Author: C.K. Shridhar

The Fire’s Journey: From Here To Eternity

In Bhasa’s play Karnabhara (5th-4th century AD), when Sakra approaches Karna in disguise asking for alms, Karna, the great giver, says that he is ready to give him anything he wants, and offers the fruit of the Agnishtoma Sacrifice. The writer,  facilitated by Indic Academy, attended a full-fledged, five-day Agnishtoma Yagnya, the first of the great ‘Soma Yagas’ of the Vedic period, carried out with close adherence to the Vedic Shroutha Sutras at Jayasuryapatnam (Nadergul) near Hyderabad, between May 09 and May 13, 2019. Reflections on the Vedic Agnishtoma Yajna The Fire comes to you when you undergo the Upanayanam ceremony, when you become a dvija. As a Brahma-Charin, one who has begun the walk on the path of Brahma, you perform the Samidha Dhaanam, offerings of fuel sticks of sacred wood into Agni, offerings which are to be made every day. After marriage, you bring home, along with your dharmapathni, the Aupasanagni, duly kindled, to be maintained every day. You will make offerings of milk, twice a day, a prelude or precursor to the …

Sastra Sabha And The Tenali Exams – A Report

“If ‘aham brahmhasmi’ is written in fire, you will experience it.” Anjaneya Sharma Garu, or Guru Garu to his devoted students and followers, is explaining Chitta Samskara to me, in front of his house Sreevari Sannidhi, in Tenali, Andhra Pradesh. Loosely, Chitta is the subconscious mind, and Samskaras are the impressions that form on it, both positive and negative – the terms are familiar to students of yoga the world over. But the discussion we are having is about the value of the Karma Kanda of the Veda, the portions that precede the Upanishads or the Jnana Kanda. Also known as the Purva Mimamsa, often just Mimamsa for short, the knowledge of its contents, especially the shroutha yagnyas and allied procedures, is restricted to a dwindling few. As Guru Garu speaks, you can hear the chewing of the pure-bred Punganur cows in their sheds, and the occasional low moo. His hands make a motion as if he is writing in the air. An octogenarian, with a strong resonant voice, he gives the impression of a …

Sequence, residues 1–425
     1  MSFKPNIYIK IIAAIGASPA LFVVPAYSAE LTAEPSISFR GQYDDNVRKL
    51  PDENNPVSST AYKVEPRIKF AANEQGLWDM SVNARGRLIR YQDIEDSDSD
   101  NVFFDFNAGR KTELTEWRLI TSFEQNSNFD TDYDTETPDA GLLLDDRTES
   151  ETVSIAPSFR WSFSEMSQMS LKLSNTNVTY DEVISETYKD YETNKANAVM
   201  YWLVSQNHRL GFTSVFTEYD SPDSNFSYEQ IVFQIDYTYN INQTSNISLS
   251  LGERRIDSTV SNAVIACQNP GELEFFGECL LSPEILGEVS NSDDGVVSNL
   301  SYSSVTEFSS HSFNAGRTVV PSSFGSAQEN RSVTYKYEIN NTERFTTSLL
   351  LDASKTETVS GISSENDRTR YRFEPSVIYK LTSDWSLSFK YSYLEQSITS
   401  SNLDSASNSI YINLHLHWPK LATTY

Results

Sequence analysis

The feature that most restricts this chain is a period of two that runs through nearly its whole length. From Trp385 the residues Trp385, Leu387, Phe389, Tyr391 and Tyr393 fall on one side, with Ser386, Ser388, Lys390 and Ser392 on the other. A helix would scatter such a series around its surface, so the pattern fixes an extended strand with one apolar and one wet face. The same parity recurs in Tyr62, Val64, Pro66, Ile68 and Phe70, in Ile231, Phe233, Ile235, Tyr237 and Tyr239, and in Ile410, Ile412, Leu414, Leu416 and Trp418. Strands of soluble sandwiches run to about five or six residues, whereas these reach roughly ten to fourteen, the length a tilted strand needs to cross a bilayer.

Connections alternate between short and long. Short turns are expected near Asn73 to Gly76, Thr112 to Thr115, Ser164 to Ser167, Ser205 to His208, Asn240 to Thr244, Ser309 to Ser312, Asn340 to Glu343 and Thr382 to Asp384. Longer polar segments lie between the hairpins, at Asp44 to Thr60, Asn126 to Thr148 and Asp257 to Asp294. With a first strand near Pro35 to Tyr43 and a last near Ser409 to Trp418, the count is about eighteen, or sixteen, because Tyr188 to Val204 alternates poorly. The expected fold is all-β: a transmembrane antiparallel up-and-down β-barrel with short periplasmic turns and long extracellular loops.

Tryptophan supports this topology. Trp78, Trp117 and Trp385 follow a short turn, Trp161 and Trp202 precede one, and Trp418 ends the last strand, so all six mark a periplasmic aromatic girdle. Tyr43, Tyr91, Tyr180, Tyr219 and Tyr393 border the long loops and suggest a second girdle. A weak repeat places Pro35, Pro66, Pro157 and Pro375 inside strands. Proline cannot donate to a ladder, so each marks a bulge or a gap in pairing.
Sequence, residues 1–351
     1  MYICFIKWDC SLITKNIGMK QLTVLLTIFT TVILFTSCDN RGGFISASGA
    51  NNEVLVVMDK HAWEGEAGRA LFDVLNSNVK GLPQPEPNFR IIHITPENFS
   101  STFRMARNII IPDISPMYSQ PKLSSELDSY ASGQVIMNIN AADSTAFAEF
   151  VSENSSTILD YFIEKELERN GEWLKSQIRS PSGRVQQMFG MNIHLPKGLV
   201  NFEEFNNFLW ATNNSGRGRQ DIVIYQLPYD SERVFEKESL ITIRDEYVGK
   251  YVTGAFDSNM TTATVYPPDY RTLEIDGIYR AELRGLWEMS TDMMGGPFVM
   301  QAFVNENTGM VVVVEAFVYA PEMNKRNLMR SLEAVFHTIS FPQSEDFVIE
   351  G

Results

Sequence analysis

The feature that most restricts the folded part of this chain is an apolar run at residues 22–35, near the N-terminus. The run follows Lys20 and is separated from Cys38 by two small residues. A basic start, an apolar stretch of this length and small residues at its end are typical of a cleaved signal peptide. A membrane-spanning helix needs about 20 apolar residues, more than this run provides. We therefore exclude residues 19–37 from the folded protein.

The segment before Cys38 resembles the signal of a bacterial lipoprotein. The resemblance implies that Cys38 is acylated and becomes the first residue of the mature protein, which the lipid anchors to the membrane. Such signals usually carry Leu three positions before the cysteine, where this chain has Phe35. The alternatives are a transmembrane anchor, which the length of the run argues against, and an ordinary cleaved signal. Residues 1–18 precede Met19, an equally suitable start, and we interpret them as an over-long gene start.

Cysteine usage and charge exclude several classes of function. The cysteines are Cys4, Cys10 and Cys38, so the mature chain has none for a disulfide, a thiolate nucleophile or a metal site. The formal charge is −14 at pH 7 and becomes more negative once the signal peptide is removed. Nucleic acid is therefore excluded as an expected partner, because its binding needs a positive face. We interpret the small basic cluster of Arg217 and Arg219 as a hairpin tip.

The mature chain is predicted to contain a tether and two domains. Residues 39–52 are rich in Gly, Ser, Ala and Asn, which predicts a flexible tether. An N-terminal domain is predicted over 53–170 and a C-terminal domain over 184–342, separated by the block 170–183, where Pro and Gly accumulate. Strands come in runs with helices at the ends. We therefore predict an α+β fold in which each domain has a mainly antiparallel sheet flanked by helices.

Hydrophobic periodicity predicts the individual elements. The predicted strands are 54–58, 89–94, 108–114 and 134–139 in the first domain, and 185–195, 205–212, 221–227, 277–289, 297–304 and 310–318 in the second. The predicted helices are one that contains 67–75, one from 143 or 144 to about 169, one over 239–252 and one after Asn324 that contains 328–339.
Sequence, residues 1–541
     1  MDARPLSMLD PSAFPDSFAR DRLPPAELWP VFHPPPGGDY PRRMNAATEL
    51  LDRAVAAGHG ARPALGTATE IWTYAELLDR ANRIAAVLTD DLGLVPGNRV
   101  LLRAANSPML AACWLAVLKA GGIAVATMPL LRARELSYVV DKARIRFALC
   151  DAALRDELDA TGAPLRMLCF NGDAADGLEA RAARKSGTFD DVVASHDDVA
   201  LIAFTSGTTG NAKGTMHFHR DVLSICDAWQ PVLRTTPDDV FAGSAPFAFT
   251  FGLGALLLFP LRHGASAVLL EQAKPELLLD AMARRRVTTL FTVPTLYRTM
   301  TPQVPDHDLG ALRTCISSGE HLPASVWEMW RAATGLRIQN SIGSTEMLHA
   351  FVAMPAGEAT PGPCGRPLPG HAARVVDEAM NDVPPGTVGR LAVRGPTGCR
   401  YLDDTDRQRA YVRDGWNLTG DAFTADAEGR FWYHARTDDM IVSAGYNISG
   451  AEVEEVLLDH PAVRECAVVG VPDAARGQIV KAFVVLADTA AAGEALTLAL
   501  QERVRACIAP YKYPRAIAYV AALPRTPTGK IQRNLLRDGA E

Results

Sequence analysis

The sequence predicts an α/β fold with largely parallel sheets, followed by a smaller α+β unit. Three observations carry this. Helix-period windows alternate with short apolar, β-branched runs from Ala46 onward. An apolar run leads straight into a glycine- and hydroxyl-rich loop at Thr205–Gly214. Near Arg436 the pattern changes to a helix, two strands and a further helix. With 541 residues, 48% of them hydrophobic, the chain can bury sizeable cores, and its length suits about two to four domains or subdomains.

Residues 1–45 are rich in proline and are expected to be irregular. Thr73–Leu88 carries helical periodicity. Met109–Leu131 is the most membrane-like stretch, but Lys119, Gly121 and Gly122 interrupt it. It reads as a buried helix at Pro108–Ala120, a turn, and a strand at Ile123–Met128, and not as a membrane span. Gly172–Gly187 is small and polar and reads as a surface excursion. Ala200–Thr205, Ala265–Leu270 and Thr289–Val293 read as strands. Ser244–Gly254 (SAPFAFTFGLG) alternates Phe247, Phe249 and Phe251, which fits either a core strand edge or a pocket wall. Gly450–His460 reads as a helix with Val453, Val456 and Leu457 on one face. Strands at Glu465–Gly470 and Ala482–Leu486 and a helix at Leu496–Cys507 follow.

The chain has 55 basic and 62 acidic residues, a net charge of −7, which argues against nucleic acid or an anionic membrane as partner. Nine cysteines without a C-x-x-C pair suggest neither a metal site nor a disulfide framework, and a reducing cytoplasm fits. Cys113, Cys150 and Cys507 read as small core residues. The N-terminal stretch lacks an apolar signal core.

The Dharma Sadhana of the Mimamsaka

Kumarila Bhatta and the other great scholars of the Purva Mimamsa were in the frontline of the battle to save Vedic heritage and culture. They were eclipsed by the great Vedanta sages who followed them, but in a conversation with C.K. Shridhar, scholars from Chennai and Poona offer deep insights into their valuable contributions. It was the Vedic adherents known as the Mimamsakas who first revived and defended the Vedic religion in the latter half of the first millennium, not only from the strong Buddhist challenge, but from internal dissonances, paving the way for the great Vedantins to come, starting from Shankara Bhagavatpada. While Mimamsa refers to all Vedic enquiry, the term has become associated with the ‘Karma Kandins,’ those who extolled the virtues of the Karma Kanda (Mantra and Bramhana) portions of the Veda, thus known as the Purva Mimamsa. This is in contrast to the ‘Gnyana Kandins,” the Vedantins, who focused on the Upanishads (the Uttara Mimamsa). Even the great Sutras, the bed rock on which an entire edifice of “Bhashyas” or commentaries …